The United States ran up a near-record balance-of-payments deficit of $31.8 billion in the second quarter, clearly establishing the country's status as a debtor nation for the first time in 71 years, the government announced yesterday.

The balance-of-payments deficit, the broadest measure of foreign trade in goods, services and investments, jumped 4.9 percent over the first-quarter deficit of $30.3 million, the Commerce Department reported. The current account deficit was the second largest on record, coming in just under the $32.5 billion mark set in the third quarter of 1984.

While most attention has been focused on the rising merchandise trade deficit, expected to reach a record $150 billion this year, the balance of payments is considered a better measure of the country's international economic standing.

What it showed was the United States speeding into foreign debt at a rate that could push it past Brazil, which currently owes more than any other country, about $100 billion, economists said.

The deficit has been of bipartisan concern on Capitol Hill, where Democrats view the worsening trade picture as an opportunity to gain seats in the 1986 elections and Republicans fear it could cost them control of the Senate.

"We have a trade hemorrhage," Rep. Richard Gephardt (D-Mo.) declared. "We are not getting beaten in world trade. We are getting creamed." Gephardt is cosponsoring one of the major trade bills introduced in Congress.

Congressional concern over the merchandise trade deficit, which reached brushfire proportions over the summer, forced President Reagan to take a more aggressive stance on the U.S. trade imbalance. He is expected to unveil his new program in a major speech next week and trade is expected to come up as a major issue in the president's press conference today.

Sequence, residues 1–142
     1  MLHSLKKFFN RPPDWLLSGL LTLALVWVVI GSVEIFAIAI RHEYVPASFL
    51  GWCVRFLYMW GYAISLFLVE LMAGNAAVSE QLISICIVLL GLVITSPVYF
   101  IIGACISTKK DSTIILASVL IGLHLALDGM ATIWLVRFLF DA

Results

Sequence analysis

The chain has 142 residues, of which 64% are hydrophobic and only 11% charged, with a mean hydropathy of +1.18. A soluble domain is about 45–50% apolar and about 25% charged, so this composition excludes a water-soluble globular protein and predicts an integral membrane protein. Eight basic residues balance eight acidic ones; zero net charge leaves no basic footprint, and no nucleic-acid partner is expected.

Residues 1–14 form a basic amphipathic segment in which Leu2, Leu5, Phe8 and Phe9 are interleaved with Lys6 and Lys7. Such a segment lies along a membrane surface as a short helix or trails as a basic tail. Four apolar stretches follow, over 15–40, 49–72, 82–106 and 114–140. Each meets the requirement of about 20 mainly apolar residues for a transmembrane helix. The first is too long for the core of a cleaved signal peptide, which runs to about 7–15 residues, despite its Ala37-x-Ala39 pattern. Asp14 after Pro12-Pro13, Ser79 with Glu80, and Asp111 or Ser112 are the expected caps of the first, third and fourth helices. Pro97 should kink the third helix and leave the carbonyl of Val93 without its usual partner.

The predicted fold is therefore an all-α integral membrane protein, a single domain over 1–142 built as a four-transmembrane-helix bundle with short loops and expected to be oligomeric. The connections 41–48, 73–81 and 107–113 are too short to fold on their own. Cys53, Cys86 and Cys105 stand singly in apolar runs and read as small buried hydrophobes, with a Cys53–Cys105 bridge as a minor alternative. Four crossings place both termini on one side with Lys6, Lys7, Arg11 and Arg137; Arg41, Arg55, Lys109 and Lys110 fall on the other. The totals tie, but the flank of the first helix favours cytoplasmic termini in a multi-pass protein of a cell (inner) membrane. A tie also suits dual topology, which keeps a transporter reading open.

The burgeoning trade deficit, fueled by a flood of imports, has been blamed for the nation's sluggish economic performance, cutting as much as two percentage points off the gross national product. The effects showed up yesterday as the Federal Reserve reported that American industry worked at 80.5 percent of its capacity last month -- essentially unchanged over the past five months and about 5 percent lower than the rate most industries prefer.

Capacity utilization has remained below 81 percent since March, an indication of how low-cost imports have swamped American manufacturers. It is, moreover, below the 81.7 percent average for the past 18 years and far below the 86.9 percent peak in the 1978-1980 period.

In a third economic report released yesterday, inventories remained essentially static in July, indicating that buyers are keeping up with factory production. The inventories increased just 0.02 percent while sales increased 0.9 percent, the Census Bureau reported.

The only bright side of the balance-of-payments report was a doubling of receipts for services such as banking, tourism, engineering and investments -- mainly because of the continued fall in the value of the dollar.

This left the service sector $4.5 billion in the black, an improvement of $2.2 billion over the first-quarter performance, but hardly enough to make a dent in the soaring merchandise trade deficit, which rose $3.5 billion in the second quarter to a record $33 billion.

For years, the service sector has been able to carry larger merchandise trade deficits, but this year's record imbalance is far too high to be offset by the service sector.

Last year's current account deficit was $101.5 billion, while the figure for 1985 is expected to reach $120 billion. It has already reached $62.1 billion in the first six months of the year.

With the heavy debt to foreigners, the United States can no longer look to the inflow of interest payments from America's overseas investments to cover the trade balances. Instead, economists are concerned that U.S. interest payments to overseas investors will make it as hard to bring down the balance-of-payments deficit as it is to lower the merchandise trade deficit.

Commerce Secretary Malcolm Baldrige said in June that it appeared the United States had become a debtor nation for the first time since 1914, and yesterday's figures confirmed that. But the Commerce Department said no official confirmation will be available until the end of the year.